THQ has announced financial results for the fiscal year ended March 31st 2004, and while GamesIndustry.biz digests the corporate ramifications we've been busy scouring the subsequent investor conference call webcast for notes on upcoming games. Which is a bit like fishing for diamonds in a vat of tar, but hey.
According to president Brian Farrell and CFO Ed Zinser, THQ plans to continue exploiting movie and TV licenses, which contribute rather a lot to the publisher's bottom line, and is hoping to consolidate its position as leader of the American handheld market by supporting Sony PSP and Nintendo DS as previously stated. Still no word on when or how many games, but 'enough' and 'soon after launch' seem like safe bets.
On the subject of the bigger boxes, THQ is obviously also planning support for next-generation consoles, and has recently purchased dev studio Relic Entertainment already working on next-gen console and PC projects even as it polishes off its Warhammer 40,000: Dawn of War RTS title. Internal studios Volition and Rainbow Studios will also be put to work on new titles for forthcoming consoles, although obviously the publisher isn't talking about any of those yet (or you'd be reading this in the first paragraph and not the third).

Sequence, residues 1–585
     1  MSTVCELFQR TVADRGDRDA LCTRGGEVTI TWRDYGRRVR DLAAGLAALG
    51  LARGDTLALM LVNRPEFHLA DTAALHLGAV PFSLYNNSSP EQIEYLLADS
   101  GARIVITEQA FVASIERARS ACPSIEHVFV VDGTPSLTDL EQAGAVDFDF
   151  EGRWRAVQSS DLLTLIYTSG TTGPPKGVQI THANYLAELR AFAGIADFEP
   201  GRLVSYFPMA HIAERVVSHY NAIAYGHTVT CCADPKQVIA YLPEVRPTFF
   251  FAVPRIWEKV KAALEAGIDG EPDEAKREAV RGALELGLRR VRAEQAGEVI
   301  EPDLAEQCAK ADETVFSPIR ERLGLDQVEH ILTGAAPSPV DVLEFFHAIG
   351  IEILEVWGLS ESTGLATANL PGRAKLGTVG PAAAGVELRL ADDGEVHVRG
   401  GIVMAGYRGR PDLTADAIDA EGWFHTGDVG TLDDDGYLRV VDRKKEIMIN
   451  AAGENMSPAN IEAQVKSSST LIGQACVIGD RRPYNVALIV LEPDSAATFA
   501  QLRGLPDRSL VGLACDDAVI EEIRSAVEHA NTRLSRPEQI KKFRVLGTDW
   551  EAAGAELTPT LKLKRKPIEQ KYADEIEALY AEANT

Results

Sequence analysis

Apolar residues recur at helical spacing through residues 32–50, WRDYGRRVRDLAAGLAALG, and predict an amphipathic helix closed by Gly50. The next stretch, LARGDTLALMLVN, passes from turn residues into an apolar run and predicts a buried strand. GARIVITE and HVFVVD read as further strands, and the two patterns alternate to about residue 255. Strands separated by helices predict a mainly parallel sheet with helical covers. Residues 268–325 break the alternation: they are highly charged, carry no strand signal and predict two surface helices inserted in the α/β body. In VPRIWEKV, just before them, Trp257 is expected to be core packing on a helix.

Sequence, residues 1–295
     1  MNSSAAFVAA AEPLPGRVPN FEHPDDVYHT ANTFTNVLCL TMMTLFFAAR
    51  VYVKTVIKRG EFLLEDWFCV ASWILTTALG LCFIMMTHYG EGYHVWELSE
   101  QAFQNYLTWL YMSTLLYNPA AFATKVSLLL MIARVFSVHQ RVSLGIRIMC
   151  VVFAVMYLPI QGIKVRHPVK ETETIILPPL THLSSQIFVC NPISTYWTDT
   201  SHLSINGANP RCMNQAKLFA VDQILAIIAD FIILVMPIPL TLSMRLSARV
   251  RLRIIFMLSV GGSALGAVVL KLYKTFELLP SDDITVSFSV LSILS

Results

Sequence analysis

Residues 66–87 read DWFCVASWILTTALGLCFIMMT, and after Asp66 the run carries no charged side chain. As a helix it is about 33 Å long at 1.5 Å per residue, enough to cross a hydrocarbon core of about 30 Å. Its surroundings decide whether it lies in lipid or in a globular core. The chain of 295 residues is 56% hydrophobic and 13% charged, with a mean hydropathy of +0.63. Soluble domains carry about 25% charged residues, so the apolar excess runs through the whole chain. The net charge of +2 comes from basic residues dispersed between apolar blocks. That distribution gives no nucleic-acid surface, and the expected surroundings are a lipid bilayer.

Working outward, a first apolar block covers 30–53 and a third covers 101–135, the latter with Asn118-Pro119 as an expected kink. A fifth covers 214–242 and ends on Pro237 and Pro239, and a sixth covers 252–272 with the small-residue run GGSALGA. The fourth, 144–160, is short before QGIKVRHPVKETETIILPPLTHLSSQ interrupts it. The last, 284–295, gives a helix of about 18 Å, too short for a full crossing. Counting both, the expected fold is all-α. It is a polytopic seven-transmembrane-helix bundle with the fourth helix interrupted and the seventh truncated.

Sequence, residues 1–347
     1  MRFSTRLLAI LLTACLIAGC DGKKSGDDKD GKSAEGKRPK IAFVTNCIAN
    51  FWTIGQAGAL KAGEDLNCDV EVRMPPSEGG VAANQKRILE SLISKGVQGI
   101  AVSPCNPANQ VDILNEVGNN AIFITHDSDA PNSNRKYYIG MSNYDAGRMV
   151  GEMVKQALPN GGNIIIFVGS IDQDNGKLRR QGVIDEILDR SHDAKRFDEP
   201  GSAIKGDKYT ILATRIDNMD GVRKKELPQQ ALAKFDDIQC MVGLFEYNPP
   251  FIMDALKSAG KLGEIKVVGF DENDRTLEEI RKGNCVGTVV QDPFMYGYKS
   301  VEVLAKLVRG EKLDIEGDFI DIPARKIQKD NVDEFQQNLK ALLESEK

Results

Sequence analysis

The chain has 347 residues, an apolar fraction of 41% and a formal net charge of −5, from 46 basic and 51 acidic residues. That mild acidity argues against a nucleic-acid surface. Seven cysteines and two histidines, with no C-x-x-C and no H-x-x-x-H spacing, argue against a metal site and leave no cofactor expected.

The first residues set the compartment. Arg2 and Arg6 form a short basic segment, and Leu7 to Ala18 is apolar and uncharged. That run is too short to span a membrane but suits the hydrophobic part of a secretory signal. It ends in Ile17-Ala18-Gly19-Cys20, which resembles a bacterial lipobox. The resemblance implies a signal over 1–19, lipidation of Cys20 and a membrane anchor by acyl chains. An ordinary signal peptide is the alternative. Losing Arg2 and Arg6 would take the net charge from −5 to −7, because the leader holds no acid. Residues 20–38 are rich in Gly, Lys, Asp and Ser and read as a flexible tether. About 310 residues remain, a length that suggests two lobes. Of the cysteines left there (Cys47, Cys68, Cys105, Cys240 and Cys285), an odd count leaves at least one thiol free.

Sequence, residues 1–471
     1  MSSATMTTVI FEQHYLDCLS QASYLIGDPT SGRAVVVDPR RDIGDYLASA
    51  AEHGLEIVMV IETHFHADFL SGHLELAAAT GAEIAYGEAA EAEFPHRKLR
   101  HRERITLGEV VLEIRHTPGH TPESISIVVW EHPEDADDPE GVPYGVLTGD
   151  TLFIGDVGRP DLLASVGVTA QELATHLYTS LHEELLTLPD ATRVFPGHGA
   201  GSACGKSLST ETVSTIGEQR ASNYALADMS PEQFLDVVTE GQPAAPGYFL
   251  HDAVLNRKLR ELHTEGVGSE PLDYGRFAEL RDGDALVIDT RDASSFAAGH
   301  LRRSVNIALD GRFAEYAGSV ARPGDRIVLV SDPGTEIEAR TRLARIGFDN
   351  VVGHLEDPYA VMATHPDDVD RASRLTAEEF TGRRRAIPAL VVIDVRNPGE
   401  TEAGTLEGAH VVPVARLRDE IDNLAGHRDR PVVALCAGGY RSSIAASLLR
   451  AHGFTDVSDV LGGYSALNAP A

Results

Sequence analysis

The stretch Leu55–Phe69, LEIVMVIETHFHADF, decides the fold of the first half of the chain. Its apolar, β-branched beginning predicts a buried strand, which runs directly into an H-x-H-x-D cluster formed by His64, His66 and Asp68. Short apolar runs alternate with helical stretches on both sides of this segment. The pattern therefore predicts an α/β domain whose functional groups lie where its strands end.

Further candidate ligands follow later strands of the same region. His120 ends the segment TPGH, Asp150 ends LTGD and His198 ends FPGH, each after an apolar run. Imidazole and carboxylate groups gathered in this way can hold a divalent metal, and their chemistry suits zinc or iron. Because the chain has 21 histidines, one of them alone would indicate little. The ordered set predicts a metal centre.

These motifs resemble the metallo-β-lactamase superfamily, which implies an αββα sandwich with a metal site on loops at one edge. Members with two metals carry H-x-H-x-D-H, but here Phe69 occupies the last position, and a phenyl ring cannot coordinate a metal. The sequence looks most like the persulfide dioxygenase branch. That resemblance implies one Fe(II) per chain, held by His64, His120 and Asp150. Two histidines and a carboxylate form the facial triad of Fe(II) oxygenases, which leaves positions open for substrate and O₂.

Farrell and Zinser indicated that WWE will remain a key franchise for the publisher over the next fiscal year (ending March 31st 2005), with WWE Day of Reckoning (Cube) due out in the summer, the obligatory late autumn PS2 SmackDown! title well on the way, and an as-yet unnamed Xbox exclusive WWE title due from Studio Gigante in early 2005. (Update: Since we posted this item, THQ has officially unveiled its 2005 WWE line-up, details of which can be found here.)
Earlier this week, THQ announced its line-up for next week's E3 trade show, which also included some new titles - most notably a Nicktoons PS2/EyeToy game, and Pandemic Studios' "Destroy All Humans!", in which the player controls an alien intent on conquering the planet by flying a UFO around landing occasionally to terrorise humans on the ground. Presumably by forcing us to listen to long-winded financial conference calls in order to hear about new games.